London, Feb 13 (IANS) Senior UK ministers are bracing themselves for Prime Minister Boris Johnson’s first major cabinet reshuffle since the Conservatives’ general election victory.

Johnson will make a number of changes over the next 24 hours although it is unclear how wide-ranging they will be, the BBC reported on Wednesday.

Attorney General Geoffrey Cox said he would be “uncomplaining” if, as some expect, he is sacked or moved.

Defence Secretary Ben Wallace told the BBC reshuffles were often “brutal”, but he was hopeful of staying in post.

Health Secretary Matt Hancock joked at an event in London: “It’s a huge pleasure to be here, and with a government reshuffle in the offing, it’s a great time to be talking about longevity.”

A Downing Street source told the BBC the PM would “reward those MPs who have worked hard to deliver on this government’s priorities to level up the whole country and deliver the change people voted for last year”.

Most of the cabinet have only been in their current jobs for just over six months, having been appointed when Boris Johnson became prime minister in July.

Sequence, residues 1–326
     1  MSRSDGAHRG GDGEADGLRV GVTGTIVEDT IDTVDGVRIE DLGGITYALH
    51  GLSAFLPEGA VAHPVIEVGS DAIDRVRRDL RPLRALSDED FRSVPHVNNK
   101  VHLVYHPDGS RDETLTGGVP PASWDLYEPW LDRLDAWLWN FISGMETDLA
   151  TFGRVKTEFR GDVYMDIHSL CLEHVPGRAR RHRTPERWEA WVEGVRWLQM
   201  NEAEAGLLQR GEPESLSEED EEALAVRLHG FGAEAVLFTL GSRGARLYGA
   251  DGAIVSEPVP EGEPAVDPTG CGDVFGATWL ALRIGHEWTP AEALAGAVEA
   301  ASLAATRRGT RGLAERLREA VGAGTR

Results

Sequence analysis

Johnson left his cabinet largely untouched following his party’s decisive election victory in December, pending what sources suggested at the time would be a more significant overhaul after the UK left the EU on January 31.

Senior figures such as Chancellor Sajid Javid, Foreign Secretary Dominic Raab and Home Secretary Priti Patel are not expected to be moved, but others are considered more vulnerable.

Johnson is expected to make changes at junior ministerial level – namely parliamentary under-secretaries of state – that could see a 50/50 gender balance in a push to promote female talent.

There are expected to be promotions for a number of female MPs in government, including Anne-Marie Trevelyan, Suella Braverman and Gillian Keegan.

Oliver Dowden and Alok Sharma are also expected to get more prominent roles.

A No. 10 source said: “The prime minister wants this reshuffle to set the foundations for government now and in the future, (and) to promote a generation of talent that will be promoted further in the coming years.”




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